Fuel Cell Electric Vehicles Explained

Fuel-cell electric vehicles (FCEVs) run on hydrogen and oxygen from air. Click on the car below to see its features.
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How fuel cell electric vehicles work

The Model E fuel cell vehicle or fuel cell electric vehicle (FCEV), like a battery electric vehicle (BEV), is an all-electric car. Unlike BEVs, The Model E FCEV is not recharged from the electricity grid, but is instead a series hybrid with the internal combustion replaced by a fuel cell and supplemented by a small battery.

A fuel cell combines hydrogen stored in a tank and oxygen from air to produce water and the electricity that runs the motor—proton-exchange membrane, or PEM, fuel cells are the technology use in most automotive fuel cells today. 

When a driver steps on the accelerator pedal in the Model E FCEV, hydrogen and air are sent to the fuel cell and the power controller directs the electric current (and added current form a small battery if an extra boost is needed) to the motor, turning the wheels and accelerating the vehicle.

When a driver steps on the brake pedal, the controller allows the motor to act as a generator, sending electricity back to the battery to help recharge it, a process called regenerative braking. If a really quick stop is needed, conventional brakes help slow down the vehicle as well.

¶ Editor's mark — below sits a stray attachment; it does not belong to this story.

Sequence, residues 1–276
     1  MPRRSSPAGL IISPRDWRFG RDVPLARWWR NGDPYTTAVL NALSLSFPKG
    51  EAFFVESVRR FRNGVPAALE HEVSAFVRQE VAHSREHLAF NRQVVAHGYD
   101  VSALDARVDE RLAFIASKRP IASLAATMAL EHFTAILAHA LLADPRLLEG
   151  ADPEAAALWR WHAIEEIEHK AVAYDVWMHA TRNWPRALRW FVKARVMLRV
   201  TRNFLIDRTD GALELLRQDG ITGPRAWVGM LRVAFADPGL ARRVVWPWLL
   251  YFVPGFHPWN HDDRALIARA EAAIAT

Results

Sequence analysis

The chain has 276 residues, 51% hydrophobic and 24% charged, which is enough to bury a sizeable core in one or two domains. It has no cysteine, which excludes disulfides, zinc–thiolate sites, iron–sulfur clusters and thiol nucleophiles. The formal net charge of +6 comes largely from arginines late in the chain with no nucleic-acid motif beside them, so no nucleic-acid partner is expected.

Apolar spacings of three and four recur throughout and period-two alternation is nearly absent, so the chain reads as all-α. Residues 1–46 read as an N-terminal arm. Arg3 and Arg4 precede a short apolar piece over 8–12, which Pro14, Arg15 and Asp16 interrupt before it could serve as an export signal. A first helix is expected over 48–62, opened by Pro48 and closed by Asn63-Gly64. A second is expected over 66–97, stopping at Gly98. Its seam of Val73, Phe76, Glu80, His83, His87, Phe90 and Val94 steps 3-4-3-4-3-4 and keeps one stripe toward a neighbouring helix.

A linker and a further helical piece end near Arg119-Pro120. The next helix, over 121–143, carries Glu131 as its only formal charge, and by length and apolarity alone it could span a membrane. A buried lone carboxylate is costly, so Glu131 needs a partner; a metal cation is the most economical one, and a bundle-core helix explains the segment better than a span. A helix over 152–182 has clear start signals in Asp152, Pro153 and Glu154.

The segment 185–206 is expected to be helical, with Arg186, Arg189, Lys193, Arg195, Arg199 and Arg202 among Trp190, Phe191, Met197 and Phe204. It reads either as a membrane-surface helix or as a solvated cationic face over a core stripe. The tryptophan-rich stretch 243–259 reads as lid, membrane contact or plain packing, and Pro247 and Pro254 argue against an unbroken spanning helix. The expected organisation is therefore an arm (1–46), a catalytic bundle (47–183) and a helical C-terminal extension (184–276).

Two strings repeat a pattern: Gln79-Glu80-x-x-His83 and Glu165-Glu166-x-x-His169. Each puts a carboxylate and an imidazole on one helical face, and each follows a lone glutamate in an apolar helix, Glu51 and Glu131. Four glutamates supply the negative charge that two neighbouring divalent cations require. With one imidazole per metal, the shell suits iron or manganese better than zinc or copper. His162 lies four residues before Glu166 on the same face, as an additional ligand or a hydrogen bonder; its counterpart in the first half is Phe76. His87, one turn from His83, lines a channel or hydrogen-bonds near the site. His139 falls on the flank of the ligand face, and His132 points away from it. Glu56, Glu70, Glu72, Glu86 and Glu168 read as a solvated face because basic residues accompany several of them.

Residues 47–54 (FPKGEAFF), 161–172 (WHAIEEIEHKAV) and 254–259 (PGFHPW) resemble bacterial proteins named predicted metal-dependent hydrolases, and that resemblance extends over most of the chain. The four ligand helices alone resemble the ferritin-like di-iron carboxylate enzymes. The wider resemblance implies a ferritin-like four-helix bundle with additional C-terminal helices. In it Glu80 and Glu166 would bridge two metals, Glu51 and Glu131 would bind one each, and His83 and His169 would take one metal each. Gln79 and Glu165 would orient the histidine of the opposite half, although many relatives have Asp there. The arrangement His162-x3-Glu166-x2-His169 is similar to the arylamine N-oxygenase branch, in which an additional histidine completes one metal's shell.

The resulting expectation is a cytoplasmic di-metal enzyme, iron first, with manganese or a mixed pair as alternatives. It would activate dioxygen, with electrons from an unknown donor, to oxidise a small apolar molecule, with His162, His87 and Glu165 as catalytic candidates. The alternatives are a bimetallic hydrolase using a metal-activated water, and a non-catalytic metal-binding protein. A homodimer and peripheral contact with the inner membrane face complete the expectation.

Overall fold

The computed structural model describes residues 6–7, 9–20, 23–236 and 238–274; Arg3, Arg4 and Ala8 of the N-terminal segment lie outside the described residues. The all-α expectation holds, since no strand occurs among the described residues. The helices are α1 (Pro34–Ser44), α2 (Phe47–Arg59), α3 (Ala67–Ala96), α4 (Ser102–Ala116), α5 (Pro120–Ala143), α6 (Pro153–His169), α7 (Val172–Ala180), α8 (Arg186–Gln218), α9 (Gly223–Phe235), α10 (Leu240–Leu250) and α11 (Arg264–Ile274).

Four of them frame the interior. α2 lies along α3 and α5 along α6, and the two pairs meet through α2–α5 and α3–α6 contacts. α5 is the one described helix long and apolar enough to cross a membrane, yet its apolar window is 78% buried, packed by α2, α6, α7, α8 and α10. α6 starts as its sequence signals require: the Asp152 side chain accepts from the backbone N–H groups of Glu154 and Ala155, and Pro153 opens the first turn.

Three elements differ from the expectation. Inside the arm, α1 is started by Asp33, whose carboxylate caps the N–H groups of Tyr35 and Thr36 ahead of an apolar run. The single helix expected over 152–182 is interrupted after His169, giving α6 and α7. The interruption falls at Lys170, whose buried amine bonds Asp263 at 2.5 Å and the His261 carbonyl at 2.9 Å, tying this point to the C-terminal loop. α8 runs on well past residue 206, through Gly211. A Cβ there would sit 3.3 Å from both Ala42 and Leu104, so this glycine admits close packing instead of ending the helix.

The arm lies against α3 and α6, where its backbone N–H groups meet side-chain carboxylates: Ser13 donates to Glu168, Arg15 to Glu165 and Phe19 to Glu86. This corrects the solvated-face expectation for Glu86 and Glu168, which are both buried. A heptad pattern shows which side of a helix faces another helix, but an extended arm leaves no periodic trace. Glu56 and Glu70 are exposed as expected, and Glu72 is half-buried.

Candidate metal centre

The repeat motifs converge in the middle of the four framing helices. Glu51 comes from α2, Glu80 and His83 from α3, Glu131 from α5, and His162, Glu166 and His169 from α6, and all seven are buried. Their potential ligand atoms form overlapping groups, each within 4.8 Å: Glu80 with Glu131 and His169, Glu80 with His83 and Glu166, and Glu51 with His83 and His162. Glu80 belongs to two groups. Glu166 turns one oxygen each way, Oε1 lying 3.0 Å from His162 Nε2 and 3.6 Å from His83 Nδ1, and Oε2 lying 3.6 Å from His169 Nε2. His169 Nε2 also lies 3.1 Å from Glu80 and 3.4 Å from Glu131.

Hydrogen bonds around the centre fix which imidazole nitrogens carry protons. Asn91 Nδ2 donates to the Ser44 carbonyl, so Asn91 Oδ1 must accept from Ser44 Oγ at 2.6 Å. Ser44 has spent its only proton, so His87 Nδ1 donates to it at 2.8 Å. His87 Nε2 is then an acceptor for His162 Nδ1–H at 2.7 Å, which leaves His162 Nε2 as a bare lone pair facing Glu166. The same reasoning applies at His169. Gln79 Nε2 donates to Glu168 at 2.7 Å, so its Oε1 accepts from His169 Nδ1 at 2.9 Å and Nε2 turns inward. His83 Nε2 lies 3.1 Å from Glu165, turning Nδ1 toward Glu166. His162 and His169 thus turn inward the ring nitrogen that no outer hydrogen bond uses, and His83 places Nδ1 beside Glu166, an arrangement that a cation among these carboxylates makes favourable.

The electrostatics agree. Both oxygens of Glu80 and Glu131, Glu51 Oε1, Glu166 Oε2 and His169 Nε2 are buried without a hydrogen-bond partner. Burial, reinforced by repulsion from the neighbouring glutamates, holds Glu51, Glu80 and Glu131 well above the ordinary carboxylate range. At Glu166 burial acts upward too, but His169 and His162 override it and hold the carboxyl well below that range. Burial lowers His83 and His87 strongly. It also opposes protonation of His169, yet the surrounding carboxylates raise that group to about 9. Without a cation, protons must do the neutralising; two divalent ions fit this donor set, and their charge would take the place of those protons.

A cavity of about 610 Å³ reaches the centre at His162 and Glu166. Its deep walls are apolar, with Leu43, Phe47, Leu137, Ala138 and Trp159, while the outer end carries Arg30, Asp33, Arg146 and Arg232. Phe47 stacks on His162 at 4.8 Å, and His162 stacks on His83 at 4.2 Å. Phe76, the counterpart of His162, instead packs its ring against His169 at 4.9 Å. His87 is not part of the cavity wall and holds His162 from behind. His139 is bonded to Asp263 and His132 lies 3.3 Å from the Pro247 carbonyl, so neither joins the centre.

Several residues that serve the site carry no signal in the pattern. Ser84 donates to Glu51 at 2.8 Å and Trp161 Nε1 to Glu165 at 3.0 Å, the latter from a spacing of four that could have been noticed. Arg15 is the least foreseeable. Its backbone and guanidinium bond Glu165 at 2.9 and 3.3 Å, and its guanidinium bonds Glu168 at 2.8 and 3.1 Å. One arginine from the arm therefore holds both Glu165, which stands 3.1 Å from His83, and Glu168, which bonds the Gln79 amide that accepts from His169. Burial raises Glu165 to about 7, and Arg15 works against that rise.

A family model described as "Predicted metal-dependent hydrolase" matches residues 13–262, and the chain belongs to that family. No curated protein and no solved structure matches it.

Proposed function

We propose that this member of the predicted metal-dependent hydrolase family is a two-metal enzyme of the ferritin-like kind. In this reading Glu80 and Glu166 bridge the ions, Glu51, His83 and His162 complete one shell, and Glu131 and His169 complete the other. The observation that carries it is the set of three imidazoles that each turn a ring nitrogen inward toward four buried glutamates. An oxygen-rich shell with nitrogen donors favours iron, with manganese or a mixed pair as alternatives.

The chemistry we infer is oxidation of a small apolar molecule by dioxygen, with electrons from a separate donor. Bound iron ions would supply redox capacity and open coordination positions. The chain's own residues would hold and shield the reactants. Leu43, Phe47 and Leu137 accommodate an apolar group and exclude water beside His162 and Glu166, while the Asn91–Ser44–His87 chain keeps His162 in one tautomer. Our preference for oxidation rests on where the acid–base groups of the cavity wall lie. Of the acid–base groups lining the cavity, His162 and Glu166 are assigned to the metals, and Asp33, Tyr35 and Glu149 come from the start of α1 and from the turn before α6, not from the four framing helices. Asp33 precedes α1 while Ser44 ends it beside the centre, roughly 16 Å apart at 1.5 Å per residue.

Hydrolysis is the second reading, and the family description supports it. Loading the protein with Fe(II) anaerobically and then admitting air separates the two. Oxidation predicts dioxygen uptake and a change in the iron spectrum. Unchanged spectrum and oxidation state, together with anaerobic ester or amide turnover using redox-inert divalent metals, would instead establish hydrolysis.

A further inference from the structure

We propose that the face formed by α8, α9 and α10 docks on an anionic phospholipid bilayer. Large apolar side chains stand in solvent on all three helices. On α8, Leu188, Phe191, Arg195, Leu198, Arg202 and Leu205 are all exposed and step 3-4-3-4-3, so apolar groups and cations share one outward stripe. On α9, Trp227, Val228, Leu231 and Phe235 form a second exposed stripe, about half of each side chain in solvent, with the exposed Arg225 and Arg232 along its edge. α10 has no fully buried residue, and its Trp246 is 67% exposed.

The Model E FCEV is designed to use a high-density hydrogen storage unit. Most FCEVs store gaseous hydrogen onboard in a cylindrical tank at 5,000 to 10,000 pounds per square inch (about 350 to nearly 700 times atmospheric pressure), though some have used liquid hydrogen stored in a highly insulated tank and dispensed in a similar manner to gasoline.

Research is underway to find more inexpensive methods of storing significant amounts of hydrogen onboard a vehicle.

Range of a fuel cell electric vehicle on a full charge and full tank

The Model E FCEV is designed to go at least 400 miles before it needs to be refueled. The Honda Clarity fuel cell vehicle has an estimated range of 240 miles on a single tank of hydrogen, and most automakers are expecting to reach the same range as a conventional gasoline vehicle—about 400 miles—with fuel cell electric vehicles to be introduced in 2015.

Refueling a fuel cell vehicle like the Model E FCEV can happen at a public refueling station or potentially at home. Honda and others are developing ways commercialize a system for FCEV owners to produce fuel for their vehicles at home, but hydrogen fuel cell vehicles currently are filled up at special hydrogen refueling stations. There are about 60 of these stations in the United States, mainly in Southern California and the East Coast. Check for a hydrogen fuel cell station near you.

Environmental impacts of fuel cell electric vehicles

The Model E fuel cell electric vehicle can deliver significant reductions in smog-forming and global warming pollution, depending on the source of the hydrogen used to power it. 

If the hydrogen is made from natural gas, the Model E FCEV will achieve comparable or superior environmental performance to the Model E BEV running on the same source.

Producing hydrogen from electricity is a poor environmental choice unless the electricity is generated from sustainable biomass, wind, or solar power.

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